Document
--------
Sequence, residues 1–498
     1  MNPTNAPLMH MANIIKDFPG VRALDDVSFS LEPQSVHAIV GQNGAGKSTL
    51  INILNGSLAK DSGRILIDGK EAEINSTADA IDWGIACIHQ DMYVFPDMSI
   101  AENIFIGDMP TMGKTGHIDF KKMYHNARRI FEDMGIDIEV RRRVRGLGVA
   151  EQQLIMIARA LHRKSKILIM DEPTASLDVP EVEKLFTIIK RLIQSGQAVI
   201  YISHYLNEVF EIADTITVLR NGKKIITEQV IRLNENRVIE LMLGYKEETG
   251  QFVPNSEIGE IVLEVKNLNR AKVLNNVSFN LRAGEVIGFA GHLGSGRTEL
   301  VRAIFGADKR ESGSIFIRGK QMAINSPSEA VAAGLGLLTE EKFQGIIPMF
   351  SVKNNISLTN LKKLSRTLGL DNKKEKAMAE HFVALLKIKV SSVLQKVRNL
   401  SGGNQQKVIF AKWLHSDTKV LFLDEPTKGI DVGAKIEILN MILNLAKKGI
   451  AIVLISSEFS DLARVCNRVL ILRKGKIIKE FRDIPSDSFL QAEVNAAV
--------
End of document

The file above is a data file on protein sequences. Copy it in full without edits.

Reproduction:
Sequence, residues 1–498
     1  MNPTNAPLMH MANIIKDFPG VRALDDVSFS LEPQSVHAIV GQNGAGKSTL
    51  INILNGSLAK DSGRILIDGK EAEINSTADA IDWGIACIHQ DMYVFPDMSI
   101  AENIFIGDMP TMGKTGHIDF KKMYHNARRI FEDMGIDIEV RRRVRGLGVA
   151  EQQLIMIARA LHRKSKILIM DEPTASLDVP EVEKLFTIIK RLIQSGQAVI
   201  YISHYLNEVF EIADTITVLR NGKKIITEQV IRLNENRVIE LMLGYKEETG
   251  QFVPNSEIGE IVLEVKNLNR AKVLNNVSFN LRAGEVIGFA GHLGSGRTEL
   301  VRAIFGADKR ESGSIFIRGK QMAINSPSEA VAAGLGLLTE EKFQGIIPMF
   351  SVKNNISLTN LKKLSRTLGL DNKKEKAMAE HFVALLKIKV SSVLQKVRNL
   401  SGGNQQKVIF AKWLHSDTKV LFLDEPTKGI DVGAKIEILN MILNLAKKGI
   451  AIVLISSEFS DLARVCNRVL ILRKGKIIKE FRDIPSDSFL QAEVNAAV